The newest trend in the field of mental health is video conferencing and telepsychiatry appointments. People with access to tablets, smartphones, and computers are looking for better ways to connect to providers, receive advice, and even ask health related questions or seek medical advice.
Getting out of the house to visit a doctor or psychiatrist may not be easy to do, especially if transportation is a challenge or it is a rural area. Telemedicine and telepsychiatry offer what is becoming a cheaper solution to the healthcare challenge of providing adequate support for people who need on-demand access to services. More insurance companies are jumping on board to provide coverage, meaning more people may be able to take advantage of this growing health trend. Here is some advice to consider before making a telepsychiatry appointment.
Consider all the things you might want to discuss before the appointment. Rather than taking up time with small talk or laying out everything going on, it helps to narrow it down and be specific. Know what it is you need help with, whether it is renewing a prescription, getting support for a medical condition, or walking through symptoms to decide next steps in care. Prioritize what is most important for you as your time is limited and may only be helpful if you can jot notes ahead of time as to what you want to accomplish. Before connecting with a telepsychiatrist for mental health advice, write down some of the following details:
- Prescription medications, any over-the-counter medications, and herbal supplements or vitamins being taken
- Primary doctor’s name and contact info
- Pharmacy phone number and address
- Medical history
- Basic symptoms or reason for an appointment
- Insurance and billing information
Know the Choices
Employers are jumping onboard and providing access to telehealth services through insurance. Prior to making an appointment, it is best to discuss this with an employer and select a health clinic. The internet is one place to start but friends may also offer recommendations. There are phone and tablet apps that may be downloaded. Take time to register with the company you want services from, test out the application or program on the computer ahead of time and make sure you know how to operate the program. If you are unsure how to use it, talk to someone at the company or ask a friend to help you get it up and running.
Find Quiet Space
There are places like libraries which provide wi-fi access and private rooms, or cafés may also do this, but you will have to book in advance to use the space. If possible, try to find a quiet, private place to talk at home, away from distractions such as children, pets and other things that may get in the way during a phone call. Plan on a half hour visit, but it may be longer or shorter depending on the situation. Be sure to charge up the computer, phone, or device and get a notepad and writing utensil handy. If you utilize medical equipment, be sure to have that ready so you are not searching for it when on the call. Keep data that is needed at the ready in case the provider asks for it.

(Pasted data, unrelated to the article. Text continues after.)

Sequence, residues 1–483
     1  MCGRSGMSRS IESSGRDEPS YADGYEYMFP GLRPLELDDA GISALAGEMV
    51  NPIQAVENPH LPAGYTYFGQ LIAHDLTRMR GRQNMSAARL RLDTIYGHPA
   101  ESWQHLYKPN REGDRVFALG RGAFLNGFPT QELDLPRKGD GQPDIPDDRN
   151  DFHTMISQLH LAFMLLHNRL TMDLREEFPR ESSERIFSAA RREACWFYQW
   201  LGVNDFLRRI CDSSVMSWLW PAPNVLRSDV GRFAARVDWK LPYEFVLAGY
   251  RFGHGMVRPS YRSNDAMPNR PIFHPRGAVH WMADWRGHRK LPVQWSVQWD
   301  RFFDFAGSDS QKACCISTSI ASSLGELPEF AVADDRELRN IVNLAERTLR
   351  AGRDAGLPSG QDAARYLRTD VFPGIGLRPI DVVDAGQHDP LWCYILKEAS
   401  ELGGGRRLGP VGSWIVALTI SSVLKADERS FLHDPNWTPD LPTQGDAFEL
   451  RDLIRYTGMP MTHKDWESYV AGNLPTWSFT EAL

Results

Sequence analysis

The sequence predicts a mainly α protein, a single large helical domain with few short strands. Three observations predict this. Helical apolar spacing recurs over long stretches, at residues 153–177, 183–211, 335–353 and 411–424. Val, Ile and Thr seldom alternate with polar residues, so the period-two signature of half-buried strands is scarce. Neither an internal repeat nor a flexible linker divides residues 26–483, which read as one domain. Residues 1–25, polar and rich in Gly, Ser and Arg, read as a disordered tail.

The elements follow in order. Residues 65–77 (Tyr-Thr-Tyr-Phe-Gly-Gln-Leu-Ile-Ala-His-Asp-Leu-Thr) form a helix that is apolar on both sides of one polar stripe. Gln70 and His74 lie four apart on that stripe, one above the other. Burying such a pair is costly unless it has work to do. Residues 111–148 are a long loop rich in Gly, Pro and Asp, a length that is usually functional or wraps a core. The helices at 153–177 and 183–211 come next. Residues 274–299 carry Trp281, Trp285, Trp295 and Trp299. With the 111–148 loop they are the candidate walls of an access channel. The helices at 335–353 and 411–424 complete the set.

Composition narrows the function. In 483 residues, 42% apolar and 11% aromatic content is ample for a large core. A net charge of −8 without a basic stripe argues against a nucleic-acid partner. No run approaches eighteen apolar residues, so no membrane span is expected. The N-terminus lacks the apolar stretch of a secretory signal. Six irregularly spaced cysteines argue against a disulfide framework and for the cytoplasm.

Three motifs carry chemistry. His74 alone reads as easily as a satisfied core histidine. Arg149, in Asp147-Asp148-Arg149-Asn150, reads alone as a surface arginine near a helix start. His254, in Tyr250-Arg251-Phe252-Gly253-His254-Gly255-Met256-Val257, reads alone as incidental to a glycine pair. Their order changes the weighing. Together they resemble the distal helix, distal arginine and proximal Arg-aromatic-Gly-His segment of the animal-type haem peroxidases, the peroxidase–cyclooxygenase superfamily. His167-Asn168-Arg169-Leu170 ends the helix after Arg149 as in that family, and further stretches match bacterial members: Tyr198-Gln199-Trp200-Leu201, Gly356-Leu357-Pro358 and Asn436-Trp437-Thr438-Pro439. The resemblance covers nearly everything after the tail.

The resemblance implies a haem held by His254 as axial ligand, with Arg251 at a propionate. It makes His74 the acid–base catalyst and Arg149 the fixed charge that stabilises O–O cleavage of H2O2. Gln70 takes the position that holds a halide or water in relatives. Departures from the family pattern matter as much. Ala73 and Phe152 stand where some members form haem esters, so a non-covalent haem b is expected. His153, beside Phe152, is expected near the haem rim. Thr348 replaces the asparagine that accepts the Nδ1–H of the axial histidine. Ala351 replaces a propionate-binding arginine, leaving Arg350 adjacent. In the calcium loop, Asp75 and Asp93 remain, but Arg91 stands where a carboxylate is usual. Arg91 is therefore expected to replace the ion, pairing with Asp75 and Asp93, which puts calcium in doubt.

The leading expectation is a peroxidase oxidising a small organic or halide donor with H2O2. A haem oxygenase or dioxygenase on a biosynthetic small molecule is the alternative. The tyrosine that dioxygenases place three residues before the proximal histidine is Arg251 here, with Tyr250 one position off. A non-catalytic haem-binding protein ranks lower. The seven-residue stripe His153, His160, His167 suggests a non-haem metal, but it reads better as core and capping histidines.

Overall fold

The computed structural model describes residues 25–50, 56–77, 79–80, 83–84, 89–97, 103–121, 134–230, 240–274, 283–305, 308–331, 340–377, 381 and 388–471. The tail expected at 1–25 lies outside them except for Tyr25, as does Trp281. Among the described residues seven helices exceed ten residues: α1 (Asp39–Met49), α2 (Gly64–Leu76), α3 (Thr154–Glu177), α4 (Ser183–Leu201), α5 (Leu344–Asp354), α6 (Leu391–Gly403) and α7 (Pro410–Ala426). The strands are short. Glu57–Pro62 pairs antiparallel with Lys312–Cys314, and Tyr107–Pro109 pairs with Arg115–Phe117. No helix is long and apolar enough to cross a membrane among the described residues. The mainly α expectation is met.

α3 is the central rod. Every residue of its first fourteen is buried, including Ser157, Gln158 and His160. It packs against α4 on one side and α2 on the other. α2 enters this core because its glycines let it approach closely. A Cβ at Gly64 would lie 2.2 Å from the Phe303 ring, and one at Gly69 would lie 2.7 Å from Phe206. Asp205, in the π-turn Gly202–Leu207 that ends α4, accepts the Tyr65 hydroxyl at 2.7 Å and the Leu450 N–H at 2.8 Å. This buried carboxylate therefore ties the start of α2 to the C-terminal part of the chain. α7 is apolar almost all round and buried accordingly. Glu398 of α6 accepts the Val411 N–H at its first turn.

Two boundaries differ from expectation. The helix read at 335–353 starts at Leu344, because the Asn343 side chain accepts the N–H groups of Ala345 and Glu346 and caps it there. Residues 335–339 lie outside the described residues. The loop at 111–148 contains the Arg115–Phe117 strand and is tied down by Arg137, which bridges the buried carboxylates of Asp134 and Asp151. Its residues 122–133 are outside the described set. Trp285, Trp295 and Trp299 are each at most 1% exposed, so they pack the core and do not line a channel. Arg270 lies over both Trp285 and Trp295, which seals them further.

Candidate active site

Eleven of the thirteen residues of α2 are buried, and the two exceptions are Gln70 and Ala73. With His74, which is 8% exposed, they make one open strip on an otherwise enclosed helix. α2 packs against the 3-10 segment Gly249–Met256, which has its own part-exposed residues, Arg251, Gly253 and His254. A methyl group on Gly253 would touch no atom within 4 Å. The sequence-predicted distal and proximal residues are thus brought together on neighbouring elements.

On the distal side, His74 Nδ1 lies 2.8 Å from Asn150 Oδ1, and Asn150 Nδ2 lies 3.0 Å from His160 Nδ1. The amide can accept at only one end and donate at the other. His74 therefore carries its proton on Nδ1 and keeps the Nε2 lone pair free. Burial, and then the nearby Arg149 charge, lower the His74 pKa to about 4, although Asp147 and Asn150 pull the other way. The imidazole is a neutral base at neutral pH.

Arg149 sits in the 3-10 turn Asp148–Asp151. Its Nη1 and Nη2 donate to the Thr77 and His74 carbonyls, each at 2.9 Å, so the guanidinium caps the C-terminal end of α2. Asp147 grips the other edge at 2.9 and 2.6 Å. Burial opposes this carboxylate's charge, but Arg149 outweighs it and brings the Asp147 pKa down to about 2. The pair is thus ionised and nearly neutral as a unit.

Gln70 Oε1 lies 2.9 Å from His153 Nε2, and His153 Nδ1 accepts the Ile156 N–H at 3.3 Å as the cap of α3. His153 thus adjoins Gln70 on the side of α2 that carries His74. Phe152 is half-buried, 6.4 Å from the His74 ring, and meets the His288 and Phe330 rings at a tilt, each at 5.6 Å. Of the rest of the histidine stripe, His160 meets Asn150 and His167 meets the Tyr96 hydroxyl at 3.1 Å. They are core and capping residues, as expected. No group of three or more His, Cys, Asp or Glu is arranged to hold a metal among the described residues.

Speaking to a telepsychiatry professional is like meeting them in person. Once you have written everything down, you are ready to chat. Be prepared to answer some of the doctor’s questions:
- What prompted the appointment?
- What are the symptoms? How long have you had them, how did they develop?
- What has been treated so far and results?
- Is this new or is this from an existing health issue?
- What other things are popping up that seem unusual or prompted this meeting?
A patient assessment may be emailed with instructions after the visit, but it helps to write things down. Confirm what was discussed before hanging up and make sure you understand everything. Nothing replaces in-person treatment. Small nuances may be missed, or you may feel unsure what to say. Feel free to share what is needed so you can get the proper treatment you deserve.
If you find you are struggling with mental health concerns or want to seek advice, BetterHelp can support you in finding telemedicine, telepsychiatry, or other necessary support for your journey of healing.
About: Beth Orchard is a graduate of Loyola University Chicago and Bond University, Queensland, Australia with a Master’s in Criminology, focus on Social Justice and Community Development. She is a mother of two, writer, bibliovore, and adventure seeker of the path less taken. She volunteers and advocates for adults and children with congenital genetic anomalies as well as supporting men, women, and families to seek better overall mental, physical, and spiritual health.